The plague wiped out most of the village of Mapperton, situated two miles from Beaminster, not to be confused with a hamlet of the same name at Almer, but it still has one of the stateliest homes in the county.

Mapperton House is a showpiece retained by one family, through the female line, for many generations. Beech trees lead to this grand house with balustraded parapet and dormer windows in the roof, built in the warm grey-yellow stone of which much is seen in west Dorset.

It was built in the reign of Henry VIII by Robert and Mary Morgan. Robert was one of a select company of men who were allowed to wear their hats in the royal presence, 'In consideration of diverse infirmities which he hath in his head.'. Robert later had the following inscription placed in the hall.

What they spent, that they lent;
What they gave, that they have;
What they have, that they lost;

The frontage of this magnificent house was added in the time of James I. Facing the house is a small stone church, All Saints, built in 1704 which contains some interesting continental glass windows. A more recent addition are the Italianate terraced gardens described as,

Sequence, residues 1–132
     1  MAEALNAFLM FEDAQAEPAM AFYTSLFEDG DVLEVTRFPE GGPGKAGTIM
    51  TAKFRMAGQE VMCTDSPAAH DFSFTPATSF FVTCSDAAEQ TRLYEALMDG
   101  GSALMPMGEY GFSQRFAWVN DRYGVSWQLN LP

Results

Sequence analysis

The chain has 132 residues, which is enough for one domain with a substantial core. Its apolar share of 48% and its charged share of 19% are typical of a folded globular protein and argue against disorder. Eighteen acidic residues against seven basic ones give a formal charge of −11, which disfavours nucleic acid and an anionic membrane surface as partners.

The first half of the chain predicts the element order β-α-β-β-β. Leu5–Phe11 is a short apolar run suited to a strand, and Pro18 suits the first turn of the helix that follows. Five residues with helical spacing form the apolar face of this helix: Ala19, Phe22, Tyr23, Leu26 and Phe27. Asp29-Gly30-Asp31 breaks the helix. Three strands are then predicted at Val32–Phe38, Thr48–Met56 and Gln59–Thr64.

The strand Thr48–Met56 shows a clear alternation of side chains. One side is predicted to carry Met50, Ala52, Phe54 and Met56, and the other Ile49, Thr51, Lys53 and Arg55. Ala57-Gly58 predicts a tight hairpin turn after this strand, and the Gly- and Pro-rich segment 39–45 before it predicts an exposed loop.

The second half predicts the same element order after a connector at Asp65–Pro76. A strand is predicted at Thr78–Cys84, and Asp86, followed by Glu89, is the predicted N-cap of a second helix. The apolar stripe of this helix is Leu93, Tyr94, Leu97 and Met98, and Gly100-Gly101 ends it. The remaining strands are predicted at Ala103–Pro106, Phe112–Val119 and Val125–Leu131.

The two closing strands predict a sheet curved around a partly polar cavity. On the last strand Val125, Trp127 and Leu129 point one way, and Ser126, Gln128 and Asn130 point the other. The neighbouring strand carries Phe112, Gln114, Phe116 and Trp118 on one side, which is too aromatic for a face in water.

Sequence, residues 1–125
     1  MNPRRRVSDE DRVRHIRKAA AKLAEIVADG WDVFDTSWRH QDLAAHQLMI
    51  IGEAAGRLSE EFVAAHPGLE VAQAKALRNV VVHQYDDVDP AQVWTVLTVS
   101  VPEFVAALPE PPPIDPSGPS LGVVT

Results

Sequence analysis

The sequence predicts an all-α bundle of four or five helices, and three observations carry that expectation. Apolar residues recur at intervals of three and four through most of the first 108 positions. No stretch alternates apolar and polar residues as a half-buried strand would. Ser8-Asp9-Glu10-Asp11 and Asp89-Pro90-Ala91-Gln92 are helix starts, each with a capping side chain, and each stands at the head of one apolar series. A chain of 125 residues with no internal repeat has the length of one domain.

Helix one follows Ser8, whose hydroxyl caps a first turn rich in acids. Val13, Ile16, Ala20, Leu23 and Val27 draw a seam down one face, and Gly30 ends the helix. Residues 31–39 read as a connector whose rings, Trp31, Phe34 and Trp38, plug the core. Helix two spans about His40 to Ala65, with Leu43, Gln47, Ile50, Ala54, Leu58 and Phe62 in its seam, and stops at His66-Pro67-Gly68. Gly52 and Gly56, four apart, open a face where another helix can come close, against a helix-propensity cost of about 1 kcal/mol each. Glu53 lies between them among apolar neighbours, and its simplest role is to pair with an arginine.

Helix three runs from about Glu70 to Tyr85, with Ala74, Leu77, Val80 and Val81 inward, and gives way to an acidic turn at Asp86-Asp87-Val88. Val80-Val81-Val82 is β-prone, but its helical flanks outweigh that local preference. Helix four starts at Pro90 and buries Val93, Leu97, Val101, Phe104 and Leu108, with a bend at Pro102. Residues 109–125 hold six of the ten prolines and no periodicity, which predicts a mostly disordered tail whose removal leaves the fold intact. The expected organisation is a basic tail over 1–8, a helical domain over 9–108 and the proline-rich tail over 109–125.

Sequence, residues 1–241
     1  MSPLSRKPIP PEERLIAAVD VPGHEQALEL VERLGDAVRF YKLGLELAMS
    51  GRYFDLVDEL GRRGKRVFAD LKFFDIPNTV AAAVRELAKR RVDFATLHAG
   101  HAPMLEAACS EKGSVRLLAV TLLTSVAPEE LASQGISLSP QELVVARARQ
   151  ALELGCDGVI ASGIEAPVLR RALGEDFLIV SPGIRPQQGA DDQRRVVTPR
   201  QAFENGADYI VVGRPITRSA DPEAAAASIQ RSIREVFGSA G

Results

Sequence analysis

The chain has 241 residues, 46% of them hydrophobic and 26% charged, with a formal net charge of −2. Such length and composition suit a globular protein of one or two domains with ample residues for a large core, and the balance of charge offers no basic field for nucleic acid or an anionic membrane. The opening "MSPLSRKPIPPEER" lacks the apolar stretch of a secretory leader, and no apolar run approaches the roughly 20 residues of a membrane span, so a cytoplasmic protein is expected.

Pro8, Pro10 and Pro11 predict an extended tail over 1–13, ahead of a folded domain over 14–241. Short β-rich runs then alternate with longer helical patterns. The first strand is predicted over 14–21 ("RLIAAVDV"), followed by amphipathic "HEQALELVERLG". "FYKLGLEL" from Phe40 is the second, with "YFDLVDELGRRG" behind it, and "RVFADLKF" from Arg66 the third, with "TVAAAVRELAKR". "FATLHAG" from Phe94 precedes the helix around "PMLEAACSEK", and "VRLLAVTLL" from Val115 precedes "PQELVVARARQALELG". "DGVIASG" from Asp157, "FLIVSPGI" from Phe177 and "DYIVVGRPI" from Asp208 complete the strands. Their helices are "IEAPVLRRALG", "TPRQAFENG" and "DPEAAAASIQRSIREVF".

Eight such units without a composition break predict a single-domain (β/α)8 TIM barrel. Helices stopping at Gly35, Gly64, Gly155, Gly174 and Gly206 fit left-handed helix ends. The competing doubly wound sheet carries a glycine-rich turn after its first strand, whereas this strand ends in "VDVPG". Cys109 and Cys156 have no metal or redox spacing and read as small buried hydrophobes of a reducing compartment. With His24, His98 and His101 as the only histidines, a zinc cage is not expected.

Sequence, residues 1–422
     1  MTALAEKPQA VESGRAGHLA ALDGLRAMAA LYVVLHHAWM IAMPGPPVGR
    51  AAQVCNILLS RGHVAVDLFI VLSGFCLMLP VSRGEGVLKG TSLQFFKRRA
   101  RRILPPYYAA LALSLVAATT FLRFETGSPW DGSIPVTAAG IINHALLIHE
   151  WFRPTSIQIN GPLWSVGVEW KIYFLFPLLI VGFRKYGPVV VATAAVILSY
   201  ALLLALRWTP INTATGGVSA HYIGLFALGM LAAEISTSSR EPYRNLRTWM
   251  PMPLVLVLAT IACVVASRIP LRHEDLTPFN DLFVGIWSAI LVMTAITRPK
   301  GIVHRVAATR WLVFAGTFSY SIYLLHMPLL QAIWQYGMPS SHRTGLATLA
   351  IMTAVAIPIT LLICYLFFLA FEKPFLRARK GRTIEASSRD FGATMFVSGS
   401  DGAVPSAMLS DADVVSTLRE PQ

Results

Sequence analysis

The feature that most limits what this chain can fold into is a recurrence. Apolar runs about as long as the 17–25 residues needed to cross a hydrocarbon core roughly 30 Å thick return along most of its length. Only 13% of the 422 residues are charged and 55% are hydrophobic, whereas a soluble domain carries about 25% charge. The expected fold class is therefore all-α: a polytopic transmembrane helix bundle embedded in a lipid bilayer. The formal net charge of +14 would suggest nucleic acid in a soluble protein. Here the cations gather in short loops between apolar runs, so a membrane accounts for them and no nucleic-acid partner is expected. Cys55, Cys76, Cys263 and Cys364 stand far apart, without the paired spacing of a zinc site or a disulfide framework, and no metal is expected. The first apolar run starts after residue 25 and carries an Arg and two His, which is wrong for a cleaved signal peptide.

"A secret valley garden beside one of Dorset's finest manor houses. Italianate walled garden and fountain court; topiary; grottoes; statuary; orangery; dovecote; specimen shrubs and trees. Set in an ancient wooded landscape of hills and hedgerows."

The gardens are in part the creation of Mrs. Ethel Labouchere from 1926 onwards, and, more recently, Victor Montagu, who bought Mapperton after her death in 1956. A classical Orangery built in 1966 stands at the head of the valley, and looks down the length of the Italianate gardens laid out by Mrs. Labouchere in memory of her husband. The formal gardens fall in descending levels down the valley, the ponds giving way to a grassy walk edged with fine trees that gradually fades away into the Dorset countryside. The gardens are best in spring, particularly the woodland areas.

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